A major impetus for this undertaking is the recognition that students in the sciences begin with a wide range of preparation and experience, and that currently retention in science majors is heavily correlated with level of preparation and initial success in introductory courses.  Nationally, only 48% if students entering college with the intention of majoring in STEM (science, technology, engineering and mathematics) actually complete a STEM major.  At Brandeis the record is somewhat better, but there is still much room for improvement.  The programs in this initiative are designed to overcome the “sink or swim” mentality that affects many students (and faculty) by making them aware that, with appropriate support and perseverance, all students can succeed in the sciences no matter where they start from, even if the road is rocky at the start.

Food innovations at Brandeis: Carrot fiber proves more effective in control of blood glucose levels

This is the second in a series of posts highlighting food science discoveries at Brandeis. These functional innovations help lower cholesterol, find novel uses for antioxidants and healthy fats and develop process improvements.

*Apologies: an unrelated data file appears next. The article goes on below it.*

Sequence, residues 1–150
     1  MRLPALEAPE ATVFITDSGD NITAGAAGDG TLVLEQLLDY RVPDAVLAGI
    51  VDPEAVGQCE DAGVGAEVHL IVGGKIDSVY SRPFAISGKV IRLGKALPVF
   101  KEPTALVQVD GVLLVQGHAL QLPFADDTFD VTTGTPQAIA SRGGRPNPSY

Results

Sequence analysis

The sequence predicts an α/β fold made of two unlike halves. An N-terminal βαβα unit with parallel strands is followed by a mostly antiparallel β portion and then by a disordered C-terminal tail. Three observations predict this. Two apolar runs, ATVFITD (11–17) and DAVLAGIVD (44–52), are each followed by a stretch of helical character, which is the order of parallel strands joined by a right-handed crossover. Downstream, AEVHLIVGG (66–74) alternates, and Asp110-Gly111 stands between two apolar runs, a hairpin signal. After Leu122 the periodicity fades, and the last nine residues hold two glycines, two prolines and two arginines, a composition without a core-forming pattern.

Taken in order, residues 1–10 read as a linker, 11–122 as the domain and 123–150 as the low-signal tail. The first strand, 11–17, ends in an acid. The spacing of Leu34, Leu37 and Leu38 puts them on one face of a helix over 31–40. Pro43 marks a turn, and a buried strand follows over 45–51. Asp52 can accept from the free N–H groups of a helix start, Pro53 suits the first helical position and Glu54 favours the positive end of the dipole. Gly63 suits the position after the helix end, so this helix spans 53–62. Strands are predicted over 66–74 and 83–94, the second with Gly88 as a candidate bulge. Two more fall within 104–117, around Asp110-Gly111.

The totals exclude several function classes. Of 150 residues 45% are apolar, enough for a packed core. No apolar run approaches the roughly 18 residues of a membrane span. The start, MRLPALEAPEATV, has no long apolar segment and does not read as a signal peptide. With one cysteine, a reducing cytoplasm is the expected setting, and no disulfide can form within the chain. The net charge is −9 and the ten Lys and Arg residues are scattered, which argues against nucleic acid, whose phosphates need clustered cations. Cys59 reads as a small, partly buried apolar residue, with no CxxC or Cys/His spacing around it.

Carrot pomace - Adobe Stock imageCarrot pomace powder (CPP) is currently a dried “waste” material generated during the production of carrot juice, but Brandeis inventors Daniel Perlman and K.C. Hayes have discovered that CPP may represent a dietary breakthrough. When carrot pomace powder is isolated using the proprietary process developed by Perlman and Hayes, it becomes highly enriched in both soluble and insoluble fibers while maintaining a low sugar-to-fiber ratio. This means that carrot pomace powder is an excellent new fiber product that can be adapted for commercial food production. Food manufacturers can use it to reduce blood glucose, cholesterol and triglyceride levels, while having a major positive impact on the gut bacterial flora.

This patent pending process is significant given that the market for dietary fibers in foods and beverages is expected to reach $6.5 billion by 2022.